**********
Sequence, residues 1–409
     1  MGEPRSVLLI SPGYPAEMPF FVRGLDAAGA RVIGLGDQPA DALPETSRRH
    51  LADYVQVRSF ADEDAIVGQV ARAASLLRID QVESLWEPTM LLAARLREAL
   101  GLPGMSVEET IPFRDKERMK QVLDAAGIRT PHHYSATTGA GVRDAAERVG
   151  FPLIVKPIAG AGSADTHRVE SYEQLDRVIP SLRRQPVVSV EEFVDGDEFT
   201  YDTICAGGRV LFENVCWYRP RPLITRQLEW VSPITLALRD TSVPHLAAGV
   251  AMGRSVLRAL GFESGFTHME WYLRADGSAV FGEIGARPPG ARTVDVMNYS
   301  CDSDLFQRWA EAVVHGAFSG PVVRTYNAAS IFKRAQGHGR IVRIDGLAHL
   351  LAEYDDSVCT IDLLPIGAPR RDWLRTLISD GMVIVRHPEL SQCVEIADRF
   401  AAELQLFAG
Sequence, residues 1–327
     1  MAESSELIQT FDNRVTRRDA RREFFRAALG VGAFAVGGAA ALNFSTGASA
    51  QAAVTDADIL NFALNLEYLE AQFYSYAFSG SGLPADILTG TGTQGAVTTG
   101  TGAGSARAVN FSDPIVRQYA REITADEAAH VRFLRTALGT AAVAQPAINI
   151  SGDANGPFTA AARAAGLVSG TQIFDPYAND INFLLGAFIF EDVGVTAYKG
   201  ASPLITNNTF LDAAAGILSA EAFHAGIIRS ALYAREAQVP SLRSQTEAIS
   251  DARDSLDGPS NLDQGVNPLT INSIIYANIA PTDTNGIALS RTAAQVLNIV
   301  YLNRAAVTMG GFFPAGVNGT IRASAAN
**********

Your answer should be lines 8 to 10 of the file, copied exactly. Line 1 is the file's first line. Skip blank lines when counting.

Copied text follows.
   301  CDSDLFQRWA EAVVHGAFSG PVVRTYNAAS IFKRAQGHGR IVRIDGLAHL
   351  LAEYDDSVCT IDLLPIGAPR RDWLRTLISD GMVIVRHPEL SQCVEIADRF
   401  AAELQLFAG